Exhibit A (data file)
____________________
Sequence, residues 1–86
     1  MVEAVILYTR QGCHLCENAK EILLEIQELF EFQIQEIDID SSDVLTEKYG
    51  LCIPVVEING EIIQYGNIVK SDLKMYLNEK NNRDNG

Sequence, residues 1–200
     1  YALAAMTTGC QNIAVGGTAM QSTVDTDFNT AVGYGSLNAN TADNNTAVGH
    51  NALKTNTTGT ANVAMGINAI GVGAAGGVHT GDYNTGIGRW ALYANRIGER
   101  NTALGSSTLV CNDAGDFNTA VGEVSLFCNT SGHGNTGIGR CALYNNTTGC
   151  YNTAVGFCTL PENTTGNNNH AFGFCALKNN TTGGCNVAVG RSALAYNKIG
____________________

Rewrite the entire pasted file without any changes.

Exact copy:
Sequence, residues 1–86
     1  MVEAVILYTR QGCHLCENAK EILLEIQELF EFQIQEIDID SSDVLTEKYG
    51  LCIPVVEING EIIQYGNIVK SDLKMYLNEK NNRDNG

Sequence, residues 1–200
     1  YALAAMTTGC QNIAVGGTAM QSTVDTDFNT AVGYGSLNAN TADNNTAVGH
    51  NALKTNTTGT ANVAMGINAI GVGAAGGVHT GDYNTGIGRW ALYANRIGER
   101  NTALGSSTLV CNDAGDFNTA VGEVSLFCNT SGHGNTGIGR CALYNNTTGC
   151  YNTAVGFCTL PENTTGNNNH AFGFCALKNN TTGGCNVAVG RSALAYNKIG